Organizational theories study how people act within organizations, the principles that guide successful business management and how organizations interact with each other. They encompass many viewpoints focusing on various areas such as communication, economics, social and business interactions, individual and industrial psychology, management and leadership. The contemporary models of organizational theory focus on one or more of these disciplines.


The five contemporary organization theory models are population ecology, resource dependence, contingency, transaction cost and the institutional model.

Population Ecology Theory

The population ecology organizational theory model focuses on the impacts of dynamic changes of phenomenon related to the birth and deaths of organizations and organizational forms. The study of population ecology is done over a long period of time. Most organizations have static structures that hinder adaptation to changes.

The organizations with inflexible models of organizations are then more likely to crumble and cease to exist while more new flexible businesses, better adapted to change, will startup and strive. In population ecology, success then depends on an intrinsic ability to adapt in a changing environment.

Resource Dependence Model

The resource dependence model examines influence of power in the relation of exchange resources. In the resource dependence theory, organizational success happens when a business maximizes its power and influences in gaining the resources needed for the businesses' survival. In this theory model, organizations that lack in resources will seek to become allies of other organizations who have more resources.

The dependence relationship means that organizations become reliable on each other's capacity to have access to necessary resources, and the power is given to the organization who possesses the highest amount of resources. The resource dependence organizational model theory originally discussed the relationship between organizations, but it also applies to the relationships between groups of a same organization.

The Contingency Model

The contingency organizational theory is actually a amalgamation of behavioral theories which contend that there isn't one best way of organizing or leading an organization, but that other internal and external constraints help determine which organization and leadership types are best for the business. The four core elements of contingency theory are that there is not a universal way to manage, an organization's design must fit with its environment, effective organization also depends on its fit with its subsystems and organizational needs are best satisfied when all previous three elements are met to achieve the main objectives of its work groups.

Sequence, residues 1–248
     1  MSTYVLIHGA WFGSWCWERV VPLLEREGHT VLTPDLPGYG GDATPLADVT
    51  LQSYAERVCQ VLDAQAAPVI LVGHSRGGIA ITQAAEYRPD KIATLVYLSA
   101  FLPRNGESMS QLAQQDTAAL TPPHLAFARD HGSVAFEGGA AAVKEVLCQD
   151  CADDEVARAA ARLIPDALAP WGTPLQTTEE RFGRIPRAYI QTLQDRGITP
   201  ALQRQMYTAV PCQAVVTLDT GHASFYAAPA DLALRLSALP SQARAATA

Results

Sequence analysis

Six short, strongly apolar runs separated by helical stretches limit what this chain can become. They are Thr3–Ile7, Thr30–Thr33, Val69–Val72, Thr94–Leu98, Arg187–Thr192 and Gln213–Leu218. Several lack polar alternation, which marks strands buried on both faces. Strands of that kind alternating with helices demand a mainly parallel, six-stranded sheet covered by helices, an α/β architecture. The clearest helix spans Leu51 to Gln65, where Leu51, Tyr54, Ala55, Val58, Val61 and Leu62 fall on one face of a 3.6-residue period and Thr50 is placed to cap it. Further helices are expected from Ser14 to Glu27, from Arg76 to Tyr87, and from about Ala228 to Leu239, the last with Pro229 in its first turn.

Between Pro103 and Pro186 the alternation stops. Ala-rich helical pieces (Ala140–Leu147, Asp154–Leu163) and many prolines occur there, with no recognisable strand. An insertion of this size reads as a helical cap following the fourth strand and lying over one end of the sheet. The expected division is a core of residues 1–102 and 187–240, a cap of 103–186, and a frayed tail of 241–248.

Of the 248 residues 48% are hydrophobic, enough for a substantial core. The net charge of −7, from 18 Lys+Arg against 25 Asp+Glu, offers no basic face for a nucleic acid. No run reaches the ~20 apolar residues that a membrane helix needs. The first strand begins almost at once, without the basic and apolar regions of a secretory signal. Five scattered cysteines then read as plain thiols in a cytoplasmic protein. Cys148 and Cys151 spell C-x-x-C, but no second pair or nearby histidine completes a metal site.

Transaction Cost Theory

Transaction costs organizational systems takes into account social-psychological dimensions that are not considered in the costing of the production of goods or services. Transaction costs are difficult to measure and rely on human activities, but understanding the impact of human psychology in relation to its the organization's operations is crucial to gain a full picture of an organization's economics.

The Institutional Model

Finally, the institutional organizational theory model studies institutions' structures and processes in relation to the functions of global governance. According to the model, institutional-based organizations should innovate in their structures, posses a participatory structure encouraging public and private participation, have strong trans-national coordination capacities, and establish dispute resolution mechanisms.

Examples of organization that follow the institutional model include the World Trade Organization, International Labor Organization, The World Health Organization and the United Nations Environment Program.